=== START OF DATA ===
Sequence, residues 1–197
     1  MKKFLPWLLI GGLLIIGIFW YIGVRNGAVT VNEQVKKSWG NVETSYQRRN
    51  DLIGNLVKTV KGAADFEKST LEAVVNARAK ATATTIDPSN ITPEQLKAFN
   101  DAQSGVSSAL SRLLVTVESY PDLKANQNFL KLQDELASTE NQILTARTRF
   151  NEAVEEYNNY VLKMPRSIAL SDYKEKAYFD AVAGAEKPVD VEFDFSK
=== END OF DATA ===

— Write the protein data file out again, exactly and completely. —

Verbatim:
Sequence, residues 1–197
     1  MKKFLPWLLI GGLLIIGIFW YIGVRNGAVT VNEQVKKSWG NVETSYQRRN
    51  DLIGNLVKTV KGAADFEKST LEAVVNARAK ATATTIDPSN ITPEQLKAFN
   101  DAQSGVSSAL SRLLVTVESY PDLKANQNFL KLQDELASTE NQILTARTRF
   151  NEAVEEYNNY VLKMPRSIAL SDYKEKAYFD AVAGAEKPVD VEFDFSK